The House of Bishops, which is made up of diocesan bishops and some others, met at the end of the meeting of the College and formally agreed to bring an update on the progress made to Synod which next meets in July in York.
At its meeting in February, Synod approved a motion to “lament and repent” of the failure of the Church to welcome LGBTQI+ people and for the harm that LGBTQI+ people have experienced – and continue to experience – in churches.
That motion also detailed proposals which would, for the first time, enable same-sex couples to come to church following a civil marriage or civil partnership for prayers of dedication, thanksgiving and for God’s blessing on the two people.
The proposals would not change the Church’s doctrine of Holy Matrimony.
The use of Prayers of Love and Faith would be voluntary, with protections both for those who, on grounds of conscience, will not be able to offer them and for those who will.
We reported on the review a week ago here. This included a link to the report, which was then only available on the House of Survivors website. It has now been published on the Independent Safeguarding Board‘s website. There is also a statement from the Board, which for convenience I have copied below the fold. It is well worth reading.
Following the publication of the Independent Safeguarding Board’s case study review and statement the Church of England’s Director of Safeguarding, Alexander Kubeyinje, said:
“We must not forget that at the heart of this report and its recommendations is a survivor and his welfare and well-being remain at the forefront of all we do.
“The National Safeguarding Team had already started working on some of the recommendations before the report was commissioned and published.
“On the Interim Support Scheme – this was set up as a pilot in 2020 as part of the Church’s recognition of the harm that has been caused not only by abuse itself, but by the Church’s responses to survivors. We have kept it under constant review with a view to improving the service that we provide. There are already plans to increase staffing, in order to shorten waiting times, improve accessibility and stream line the process of applying. On recommendation 7, we have been making every effort to set up a case management group meeting.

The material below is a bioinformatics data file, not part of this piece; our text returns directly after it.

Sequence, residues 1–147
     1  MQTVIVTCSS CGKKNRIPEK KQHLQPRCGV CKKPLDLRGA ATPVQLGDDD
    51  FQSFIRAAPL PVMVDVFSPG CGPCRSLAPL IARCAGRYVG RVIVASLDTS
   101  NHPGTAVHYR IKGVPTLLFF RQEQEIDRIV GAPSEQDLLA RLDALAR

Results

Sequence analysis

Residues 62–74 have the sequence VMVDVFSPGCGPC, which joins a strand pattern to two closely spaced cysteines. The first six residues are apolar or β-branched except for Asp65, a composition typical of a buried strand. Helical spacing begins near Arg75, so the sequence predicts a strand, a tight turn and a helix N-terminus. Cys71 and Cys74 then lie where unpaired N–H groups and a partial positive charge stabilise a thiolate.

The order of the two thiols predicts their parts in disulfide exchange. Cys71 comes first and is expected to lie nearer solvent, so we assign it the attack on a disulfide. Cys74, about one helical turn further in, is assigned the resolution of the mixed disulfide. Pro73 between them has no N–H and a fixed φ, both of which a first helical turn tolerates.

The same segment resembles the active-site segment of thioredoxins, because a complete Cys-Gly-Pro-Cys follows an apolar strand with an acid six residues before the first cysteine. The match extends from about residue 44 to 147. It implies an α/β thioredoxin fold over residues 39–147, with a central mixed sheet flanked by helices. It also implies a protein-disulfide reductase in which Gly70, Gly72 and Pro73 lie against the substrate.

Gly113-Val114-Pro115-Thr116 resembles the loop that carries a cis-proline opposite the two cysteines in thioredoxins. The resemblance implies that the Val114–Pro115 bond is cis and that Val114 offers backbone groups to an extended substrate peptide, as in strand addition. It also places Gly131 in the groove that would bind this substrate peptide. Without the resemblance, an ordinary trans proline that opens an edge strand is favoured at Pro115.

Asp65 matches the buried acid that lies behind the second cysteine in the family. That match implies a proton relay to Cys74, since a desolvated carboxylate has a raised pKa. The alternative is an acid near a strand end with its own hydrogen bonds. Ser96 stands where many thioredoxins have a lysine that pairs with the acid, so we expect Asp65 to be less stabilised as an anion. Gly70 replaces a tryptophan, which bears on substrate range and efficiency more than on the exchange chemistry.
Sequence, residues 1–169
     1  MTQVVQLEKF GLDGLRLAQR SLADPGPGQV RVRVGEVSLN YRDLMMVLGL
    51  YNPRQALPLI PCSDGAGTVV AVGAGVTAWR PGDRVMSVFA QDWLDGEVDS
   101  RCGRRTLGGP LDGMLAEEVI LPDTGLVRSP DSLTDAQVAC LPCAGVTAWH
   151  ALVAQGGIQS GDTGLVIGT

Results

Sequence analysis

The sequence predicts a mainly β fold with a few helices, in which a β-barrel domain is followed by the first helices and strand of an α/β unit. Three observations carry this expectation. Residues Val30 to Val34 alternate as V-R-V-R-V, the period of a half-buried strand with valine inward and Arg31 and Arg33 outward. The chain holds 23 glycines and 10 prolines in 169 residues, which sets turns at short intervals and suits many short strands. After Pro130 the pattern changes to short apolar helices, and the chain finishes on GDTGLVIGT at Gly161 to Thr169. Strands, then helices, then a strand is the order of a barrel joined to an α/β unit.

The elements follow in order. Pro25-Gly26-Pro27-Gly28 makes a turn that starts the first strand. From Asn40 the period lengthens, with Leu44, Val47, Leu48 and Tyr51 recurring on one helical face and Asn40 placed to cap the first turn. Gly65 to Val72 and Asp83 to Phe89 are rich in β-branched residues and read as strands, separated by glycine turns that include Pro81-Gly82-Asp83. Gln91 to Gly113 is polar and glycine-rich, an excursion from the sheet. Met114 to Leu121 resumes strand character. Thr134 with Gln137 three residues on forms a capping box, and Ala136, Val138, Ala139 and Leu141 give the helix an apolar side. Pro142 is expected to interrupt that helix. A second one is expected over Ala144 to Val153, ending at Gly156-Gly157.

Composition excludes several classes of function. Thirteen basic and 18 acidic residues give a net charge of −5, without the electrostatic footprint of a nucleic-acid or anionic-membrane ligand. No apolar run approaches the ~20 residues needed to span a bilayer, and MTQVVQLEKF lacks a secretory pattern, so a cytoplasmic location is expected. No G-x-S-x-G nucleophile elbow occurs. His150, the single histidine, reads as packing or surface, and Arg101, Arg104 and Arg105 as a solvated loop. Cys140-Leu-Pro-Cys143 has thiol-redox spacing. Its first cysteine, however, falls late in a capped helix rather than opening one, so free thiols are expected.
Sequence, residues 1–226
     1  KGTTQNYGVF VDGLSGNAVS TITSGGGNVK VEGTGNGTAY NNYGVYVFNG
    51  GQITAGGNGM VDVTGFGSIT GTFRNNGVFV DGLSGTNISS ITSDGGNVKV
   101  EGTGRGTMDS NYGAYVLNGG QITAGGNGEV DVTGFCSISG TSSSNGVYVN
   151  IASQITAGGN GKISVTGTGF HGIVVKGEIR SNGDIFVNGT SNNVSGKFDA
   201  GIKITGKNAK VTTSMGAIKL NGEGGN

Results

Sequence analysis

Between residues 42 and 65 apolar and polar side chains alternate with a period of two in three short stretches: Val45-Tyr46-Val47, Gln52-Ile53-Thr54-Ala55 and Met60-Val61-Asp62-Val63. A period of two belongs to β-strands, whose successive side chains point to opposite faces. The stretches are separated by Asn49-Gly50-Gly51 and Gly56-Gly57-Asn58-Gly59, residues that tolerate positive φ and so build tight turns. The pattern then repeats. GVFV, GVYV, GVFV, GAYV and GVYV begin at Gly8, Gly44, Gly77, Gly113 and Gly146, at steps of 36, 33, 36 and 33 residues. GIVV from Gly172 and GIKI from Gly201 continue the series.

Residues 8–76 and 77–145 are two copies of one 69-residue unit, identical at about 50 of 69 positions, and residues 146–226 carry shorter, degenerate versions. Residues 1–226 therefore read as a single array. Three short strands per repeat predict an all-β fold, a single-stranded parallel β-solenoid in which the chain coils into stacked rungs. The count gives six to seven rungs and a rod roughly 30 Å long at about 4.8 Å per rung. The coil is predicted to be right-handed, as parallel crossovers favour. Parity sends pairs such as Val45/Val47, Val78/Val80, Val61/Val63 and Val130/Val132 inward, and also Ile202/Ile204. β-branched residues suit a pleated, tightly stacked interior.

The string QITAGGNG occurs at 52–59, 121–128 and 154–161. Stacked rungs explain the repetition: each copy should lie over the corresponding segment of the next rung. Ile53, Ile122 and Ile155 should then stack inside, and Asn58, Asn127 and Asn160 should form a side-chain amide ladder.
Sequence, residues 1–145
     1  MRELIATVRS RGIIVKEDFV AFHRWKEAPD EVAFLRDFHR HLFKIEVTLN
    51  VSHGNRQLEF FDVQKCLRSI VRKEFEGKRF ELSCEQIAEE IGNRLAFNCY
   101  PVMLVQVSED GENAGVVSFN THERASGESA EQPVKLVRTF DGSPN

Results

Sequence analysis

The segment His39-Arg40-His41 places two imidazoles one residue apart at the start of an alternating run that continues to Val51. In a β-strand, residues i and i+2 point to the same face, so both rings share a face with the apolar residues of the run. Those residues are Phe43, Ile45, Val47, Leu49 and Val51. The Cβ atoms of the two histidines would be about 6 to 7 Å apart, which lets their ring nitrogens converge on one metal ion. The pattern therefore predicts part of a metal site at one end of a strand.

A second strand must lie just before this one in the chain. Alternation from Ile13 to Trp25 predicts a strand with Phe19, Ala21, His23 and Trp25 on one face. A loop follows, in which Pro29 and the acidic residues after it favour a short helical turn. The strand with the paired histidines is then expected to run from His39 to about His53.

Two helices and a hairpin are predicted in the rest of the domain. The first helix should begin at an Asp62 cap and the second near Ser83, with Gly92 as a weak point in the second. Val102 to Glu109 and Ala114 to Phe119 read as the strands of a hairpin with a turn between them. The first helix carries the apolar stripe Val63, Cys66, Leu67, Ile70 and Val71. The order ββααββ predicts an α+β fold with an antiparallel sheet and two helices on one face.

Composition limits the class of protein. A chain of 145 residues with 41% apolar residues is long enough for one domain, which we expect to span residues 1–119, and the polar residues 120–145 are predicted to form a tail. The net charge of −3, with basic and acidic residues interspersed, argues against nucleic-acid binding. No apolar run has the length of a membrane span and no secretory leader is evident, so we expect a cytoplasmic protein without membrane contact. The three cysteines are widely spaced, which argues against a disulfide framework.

“I have been working with colleagues across the Church, including ongoing communication with Mr X and his advocate, to try to resolve this and will continue with these efforts.” (more…)
on Friday, 2 June 2023 at 1.53 pm by Simon Sarmiento
categorised as Church of England
Christina Beardsley has written a paper with this title, which was published in Modern Believing in December 2022. Normally this publication is not available electronically without a subscription. The Liverpool University Press has kindly allowed it to be on Free Access for the calendar month of June 2023.
Trans People and LLF is available in two formats, as a web page, and as a PDF file. Here is the abstract:
Since the Living in Love and Faith (LLF) project began, gender-critical discourse has become increasingly prominent and trans people’s lives routinely debated in the British media. Gender diversity is respectfully handled in LLF‘s resources, but LLF‘s Next Steps Group (NSG) has proposed a working party on ‘gender identity and transition’ to consider current ‘societal debates’. This problematising of trans people conflicts with LLF‘s premise that ‘no person is a problem, or an issue’. The NSG’s proposed bibliography, setting gender-critical texts and gender-affirming texts side-by-side, could also undermine the Church of England’s trans-affirming policies and pastoral practice. As an alternative I offer a theological critique of three gender-critical texts contrasting them with a generous, tradition-sourced Christian anthropology.
In relation to this, readers may find it useful to see a letter, also written by Christina, to the Bishop of London in July 2021, which was originally published at Unadulterated Love. This letter sets out in detail the Church of England’s then current policy and practice in relation to trans people, and begins this way:
I understand, from the recent minutes of the May meeting of the House of Bishops that the House ‘agreed in principle to the formation of a working group on gender identity and transition under the auspices of the LLF Next Steps Group, details of which will be announced in due course.’
As I explained in my letter of May 21st 2021 my own view is that to convene such a working party suggests that trans people are a problem for the Church of England or that there is some uncertainty about their status as members of the Body of Christ.
Given the Church of England’s policy and practice in relation to trans people, I see no such problem or uncertainty. Here is my understanding of the current position of the Church of England regarding trans people…